A 4-year zonally averaged climatology of atmospheric CO2, ocean only, between ±60° latitude has been derived from the Atmospheric Infrared Sounder (AIRS) radiances. Using only very clear fields of view, the CO2 profile in the computed radiances is scaled until agreement is found with observations. ECMWF forecast and analysis fields are used for the temperature profile in the computed radiances. The AIRS channels used to derive CO2 amounts are nominally sensitive to CO2 variability in the ∼300–800 mbar region (2–9 km), significantly lower in the atmosphere than that in previous studies using AIRS. Validation using aircraft measurements of CO2 at 650 mbar indicates that the AIRS CO2 results presented here are accurate to the 0.5–1.0 ppm level. The AIRS-derived climatology clearly exhibits the CO2 rectifier effect, with mean CO2 values several parts per million lower than in those in the boundary layer. The AIRS CO2 seasonal cycle has a relatively constant amplitude of ∼3 ppm from +10° to +60° latitude, which matches the boundary layer seasonal cycle amplitude near +10° latitude but is about three times smaller than that in the boundary layer amplitude at +60° latitude. Phase comparisons between the AIRS and boundary layer CO2 seasonal cycles show the boundary layer phase leading AIRS in the Northern Hemisphere until ∼+10° latitude, where the phases cross and the AIRS higher-altitude CO2 begins to lead the boundary layer phase down to ∼−10° latitude. These results may offer new insight into CO2 interhemispherical transport. Growth rates derived from the AIRS CO2 climatology are 2.21 ± 0.24 ppm/year, in good agreement with in situ measurements.
If you can't find a tool you're looking for, please click the link at the top of the page to "Go to old article view". Alternatively, view our Knowledge Base articles for additional help. Your feedback is important to us, so please let us know if you have comments or ideas for improvement.
 Atmospheric CO2 is the primary radiative forcing greenhouse gas, and its atmospheric growth rate has been rising steadily in the past few decades because of increasing global emissions [Raupach et al., 2007]. Reliable estimates of climate change depend upon our ability to forecast atmospheric CO2 concentrations, which requires knowledge of the CO2 sources, sinks, and atmospheric transport. Inversion studies, [see, for example Denning et al., 1995; Gurney et al., 2003] generally use relatively sparse in situ boundary-layer CO2 measurements, coupled with an atmospheric transport model to estimate source and sink regions and fluxes. Input data for these studies are relatively sparse, and heavily weighted to the Northern Hemisphere land sites. Constraining CO2 sinks with existing data has been especially difficult since sinks involve large geographic areas, including the oceans. Moreover, transport of CO2 from the boundary layer to the free troposphere is not well understood, but may be key for identification of sink regions.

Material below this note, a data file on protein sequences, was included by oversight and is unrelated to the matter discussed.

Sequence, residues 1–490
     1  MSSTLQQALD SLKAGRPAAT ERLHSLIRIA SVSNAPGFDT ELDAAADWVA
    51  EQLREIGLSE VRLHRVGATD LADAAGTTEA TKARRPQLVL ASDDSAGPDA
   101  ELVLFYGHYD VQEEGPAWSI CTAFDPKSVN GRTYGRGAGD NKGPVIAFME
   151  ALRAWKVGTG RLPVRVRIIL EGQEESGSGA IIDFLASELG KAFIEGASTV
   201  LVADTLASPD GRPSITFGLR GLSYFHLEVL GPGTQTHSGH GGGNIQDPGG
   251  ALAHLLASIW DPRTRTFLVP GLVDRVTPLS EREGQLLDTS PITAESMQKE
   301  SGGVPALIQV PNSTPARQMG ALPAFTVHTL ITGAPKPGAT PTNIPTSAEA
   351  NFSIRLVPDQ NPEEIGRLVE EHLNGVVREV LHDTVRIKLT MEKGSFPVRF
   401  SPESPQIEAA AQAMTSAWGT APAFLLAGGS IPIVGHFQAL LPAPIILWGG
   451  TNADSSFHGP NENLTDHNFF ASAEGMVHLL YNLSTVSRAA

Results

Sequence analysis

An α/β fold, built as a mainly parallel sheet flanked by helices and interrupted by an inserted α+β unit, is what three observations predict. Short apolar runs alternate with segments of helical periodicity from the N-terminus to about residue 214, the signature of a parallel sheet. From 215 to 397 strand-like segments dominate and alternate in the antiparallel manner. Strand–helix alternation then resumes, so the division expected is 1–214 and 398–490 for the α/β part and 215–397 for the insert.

Two very recent studies [Stephens et al., 2007; Yang et al., 2007] emphasized the importance of using information on the vertical extent of CO2 to further constrain transport and flux models. Stephens et al.  found that only three (out of twelve) TransCom 3 transport models [Gurney et al., 2003] could closely reproduce the CO2 vertical distribution derived from a rather limited number of aircraft flights. These three particular models predicted very different flux estimates than the other nine models, strongly suggesting a weaker northern uptake of CO2 and weaker tropical emission than previous “consensus estimates”.
Yang et al.  also found that the growing season net flux in the Northern Hemisphere is ∼28% larger than predicted by models using column-averaged mixing ratios of CO2 and partial columns derived from aircraft profiles, rather than boundary layer values. They attributed this new result to their use of the column CO2 as the primary measurement, since it is less sensitive to vertical mixing errors in the transport models.